Conservancy urges Garfield County to keep river setbacks
GLENWOOD SPRINGS — A local river watchdog group is urging the Garfield County commissioners to include even stricter river and wetlands setbacks in the county’s revised land-use code, instead of removing them as is being proposed.
“Current research shows that the greater the riparian buffer, the greater the protections from physical and chemical damages such as sedimentations, erosion and runoff contaminants,” representatives from the Basalt-based Roaring Fork Conservancy said in a June 4 letter to the Garfield Board of County Commissioners.
“The Conservancy recommends, at minimum, retaining the previous code standard of 35 feet and encourages increasing these standards … to enhance protections of waterways and aquatic life,” wrote Rick Lofaro, executive director, and Heather Tattersall, watershed action coordinator, for the organization.
One of the proposed changes in the county’s land-use and development code overhaul is to do away with county-level protections of wetlands, water bodies and water quality, in favor of whatever state and federal regulations are in place.
That would include the removal of what’s now a 35-foot setback provision for most structures, as well as a 100-foot restriction for storage of certain hazardous materials, sand and road salt.
However, regulations such as those contained in the federal Clean Water Act may be inadequate, the Conservancy argues.
“Permitting under the Clean Water Act, while necessary and beneficial, may not adequately protect the rivers,” Lofaro and Tattersall state in the letter. “Restricting storage of hazardous materials within (county codes) makes the applicant accountable to the county, allowing enforcement and clean-up on a local level with support from the state and federal government when appropriate, rather than relying on distant regulators to ensure the safety of our water resources.”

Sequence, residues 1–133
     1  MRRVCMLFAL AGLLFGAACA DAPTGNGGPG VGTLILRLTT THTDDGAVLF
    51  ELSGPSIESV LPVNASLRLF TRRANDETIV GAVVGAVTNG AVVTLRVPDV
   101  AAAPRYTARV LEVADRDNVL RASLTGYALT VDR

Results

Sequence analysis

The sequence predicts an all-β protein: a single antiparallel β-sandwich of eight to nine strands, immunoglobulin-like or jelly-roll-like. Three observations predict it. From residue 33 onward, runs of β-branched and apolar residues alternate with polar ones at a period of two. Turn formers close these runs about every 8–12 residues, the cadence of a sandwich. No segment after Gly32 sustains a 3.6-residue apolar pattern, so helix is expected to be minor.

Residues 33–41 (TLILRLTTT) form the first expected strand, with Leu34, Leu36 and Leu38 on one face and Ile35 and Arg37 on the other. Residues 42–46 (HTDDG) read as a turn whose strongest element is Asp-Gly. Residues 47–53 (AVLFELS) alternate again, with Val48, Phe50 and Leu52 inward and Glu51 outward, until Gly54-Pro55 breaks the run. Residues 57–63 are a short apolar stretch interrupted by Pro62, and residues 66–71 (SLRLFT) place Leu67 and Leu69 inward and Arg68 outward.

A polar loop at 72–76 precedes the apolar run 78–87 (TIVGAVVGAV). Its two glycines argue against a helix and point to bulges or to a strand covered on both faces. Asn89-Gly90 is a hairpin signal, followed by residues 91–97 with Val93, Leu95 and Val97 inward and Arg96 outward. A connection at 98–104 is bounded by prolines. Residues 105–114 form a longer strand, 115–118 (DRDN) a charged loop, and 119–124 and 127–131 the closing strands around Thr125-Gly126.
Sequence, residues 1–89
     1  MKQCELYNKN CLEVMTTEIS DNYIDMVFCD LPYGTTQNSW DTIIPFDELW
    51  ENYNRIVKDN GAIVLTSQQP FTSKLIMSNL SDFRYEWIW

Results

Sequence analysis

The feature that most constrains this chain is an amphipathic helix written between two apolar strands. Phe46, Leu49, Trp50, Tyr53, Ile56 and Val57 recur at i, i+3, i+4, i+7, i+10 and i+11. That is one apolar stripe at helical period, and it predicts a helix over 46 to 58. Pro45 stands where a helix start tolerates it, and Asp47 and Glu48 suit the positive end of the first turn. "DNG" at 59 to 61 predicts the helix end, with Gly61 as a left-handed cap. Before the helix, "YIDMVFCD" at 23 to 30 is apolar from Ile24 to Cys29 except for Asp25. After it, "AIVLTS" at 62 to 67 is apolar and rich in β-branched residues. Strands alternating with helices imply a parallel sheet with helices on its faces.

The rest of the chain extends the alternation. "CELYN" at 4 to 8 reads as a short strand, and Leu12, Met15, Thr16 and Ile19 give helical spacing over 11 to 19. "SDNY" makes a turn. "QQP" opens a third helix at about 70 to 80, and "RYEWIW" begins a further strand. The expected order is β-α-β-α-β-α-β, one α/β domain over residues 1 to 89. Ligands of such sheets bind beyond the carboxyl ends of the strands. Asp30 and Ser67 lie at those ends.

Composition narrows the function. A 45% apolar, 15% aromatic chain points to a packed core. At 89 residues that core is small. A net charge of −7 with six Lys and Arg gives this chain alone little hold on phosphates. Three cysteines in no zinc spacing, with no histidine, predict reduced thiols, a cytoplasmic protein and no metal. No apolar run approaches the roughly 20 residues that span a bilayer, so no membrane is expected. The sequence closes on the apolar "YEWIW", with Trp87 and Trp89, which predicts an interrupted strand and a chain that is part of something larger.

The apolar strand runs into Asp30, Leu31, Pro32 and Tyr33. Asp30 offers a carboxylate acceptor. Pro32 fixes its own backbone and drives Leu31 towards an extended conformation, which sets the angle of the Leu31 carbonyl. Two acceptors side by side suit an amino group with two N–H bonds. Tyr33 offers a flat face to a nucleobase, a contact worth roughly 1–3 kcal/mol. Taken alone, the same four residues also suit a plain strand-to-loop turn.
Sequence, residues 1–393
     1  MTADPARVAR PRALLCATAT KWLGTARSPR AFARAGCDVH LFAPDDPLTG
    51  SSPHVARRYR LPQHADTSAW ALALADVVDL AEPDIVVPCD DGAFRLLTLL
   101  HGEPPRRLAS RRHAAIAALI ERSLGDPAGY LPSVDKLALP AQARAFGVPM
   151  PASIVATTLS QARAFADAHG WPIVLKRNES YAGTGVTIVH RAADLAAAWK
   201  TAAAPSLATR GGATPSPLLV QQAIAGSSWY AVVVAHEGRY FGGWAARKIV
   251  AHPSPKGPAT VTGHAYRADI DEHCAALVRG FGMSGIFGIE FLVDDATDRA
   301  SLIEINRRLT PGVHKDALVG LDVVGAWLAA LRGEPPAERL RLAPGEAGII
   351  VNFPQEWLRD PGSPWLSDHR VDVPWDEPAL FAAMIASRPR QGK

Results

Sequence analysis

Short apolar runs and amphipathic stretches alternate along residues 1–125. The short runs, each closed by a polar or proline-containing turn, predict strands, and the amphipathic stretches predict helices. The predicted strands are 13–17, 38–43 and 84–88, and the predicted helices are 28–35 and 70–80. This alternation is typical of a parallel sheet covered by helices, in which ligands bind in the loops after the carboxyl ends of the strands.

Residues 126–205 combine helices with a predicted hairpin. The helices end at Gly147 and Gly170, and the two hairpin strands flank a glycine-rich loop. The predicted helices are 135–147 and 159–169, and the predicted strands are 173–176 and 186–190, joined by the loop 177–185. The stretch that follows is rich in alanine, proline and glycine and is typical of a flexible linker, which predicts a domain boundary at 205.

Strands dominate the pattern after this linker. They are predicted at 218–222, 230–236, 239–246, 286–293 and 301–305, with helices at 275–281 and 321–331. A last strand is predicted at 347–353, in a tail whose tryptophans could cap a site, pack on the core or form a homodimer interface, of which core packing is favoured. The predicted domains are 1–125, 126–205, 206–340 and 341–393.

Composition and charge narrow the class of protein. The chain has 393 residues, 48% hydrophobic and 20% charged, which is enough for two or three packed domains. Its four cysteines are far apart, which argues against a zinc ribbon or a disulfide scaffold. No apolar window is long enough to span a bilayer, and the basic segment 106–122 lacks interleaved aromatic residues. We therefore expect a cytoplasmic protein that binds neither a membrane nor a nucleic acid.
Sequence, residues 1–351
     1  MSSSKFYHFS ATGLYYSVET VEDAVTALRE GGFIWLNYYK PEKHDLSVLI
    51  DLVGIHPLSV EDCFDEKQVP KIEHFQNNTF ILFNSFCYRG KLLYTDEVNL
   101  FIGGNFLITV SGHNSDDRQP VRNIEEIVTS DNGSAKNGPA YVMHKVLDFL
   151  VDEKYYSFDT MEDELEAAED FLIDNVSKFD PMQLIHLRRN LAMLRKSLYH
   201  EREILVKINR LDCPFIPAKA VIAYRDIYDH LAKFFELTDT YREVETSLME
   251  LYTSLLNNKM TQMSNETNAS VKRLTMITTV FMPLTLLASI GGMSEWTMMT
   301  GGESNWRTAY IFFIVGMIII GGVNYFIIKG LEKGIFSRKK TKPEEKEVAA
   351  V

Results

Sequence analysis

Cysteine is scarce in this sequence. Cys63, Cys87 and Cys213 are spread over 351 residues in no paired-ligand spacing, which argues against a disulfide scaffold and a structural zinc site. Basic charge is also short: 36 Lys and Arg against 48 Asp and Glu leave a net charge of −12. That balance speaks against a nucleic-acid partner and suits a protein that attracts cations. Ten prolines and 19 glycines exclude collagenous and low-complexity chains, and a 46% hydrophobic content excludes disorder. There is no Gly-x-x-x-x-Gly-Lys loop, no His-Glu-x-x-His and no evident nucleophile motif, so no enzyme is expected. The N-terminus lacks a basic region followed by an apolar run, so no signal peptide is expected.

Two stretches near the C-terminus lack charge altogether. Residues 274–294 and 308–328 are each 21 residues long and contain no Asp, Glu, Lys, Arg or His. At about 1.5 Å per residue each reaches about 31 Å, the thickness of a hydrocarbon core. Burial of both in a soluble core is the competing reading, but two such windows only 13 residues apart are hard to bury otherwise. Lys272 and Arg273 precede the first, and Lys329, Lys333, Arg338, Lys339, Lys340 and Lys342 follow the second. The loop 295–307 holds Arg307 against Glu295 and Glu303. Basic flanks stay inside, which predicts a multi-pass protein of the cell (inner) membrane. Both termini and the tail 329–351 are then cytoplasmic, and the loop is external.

County commissioners will continue a public hearing on the land-use code revisions at 10 a.m. today at the Garfield County Administration Building, 108 Eighth St., Glenwood Springs.
The Roaring Fork Conservancy, which focuses its river research and education efforts on the Roaring Fork River watershed, expressed reservations at a May 30 meeting about the county’s proposed deletion of the local waterway protections.
In its follow-up letter, the Conservancy offered its own recommendations based on regional and national research, as well as provisions that are already in place in neighboring Eagle, Pitkin, Mesa, Rio Blanco and Routt counties.
Standard river setbacks in those counties range from 50 feet in Rio Blanco and Routt counties to 100 feet from the Colorado and Gunnison rivers in Mesa County.
Among the Conservancy’s recommendations for Garfield County would be a standard 50-foot setback, with an exemption for 35 feet if an applicant can demonstrate that it would not result in water quality degradation, stream bank erosion or impacts on the riparian or wetland habitat.
Restrictions on storage of materials within 100 feet of any water body would also be retained, as would spill prevention measures and protections related to maintenance of machinery, waste and fuel storage.
The Conservancy also addressed one of the county’s rationales for eliminating the setback when it comes to rivers, such as the Roaring Fork and Colorado, that are deeply entrenched with often steep river banks.
The commissioners’ specially appointed code advisory committee and the county planning commission both agreed in making the land-use code recommendations that the 35-foot setback didn’t make sense in areas where the river bank rises steeply away from the river and out of the floodplain.
However, “research shows that entrenchment requires comparable protections due to increased risks for erosion,” the Conservancy argued in its letter, noting that unprotected riverbanks that are void of vegetation are more prone to erosion.
Lack of shade from that vegetation also can raise water temperatures in the river, which can impact fish habitat. For that reason, the Colorado Department of Parks and Wildlife recommends a 300-foot setback from rivers and waterways, the Conservancy also noted.
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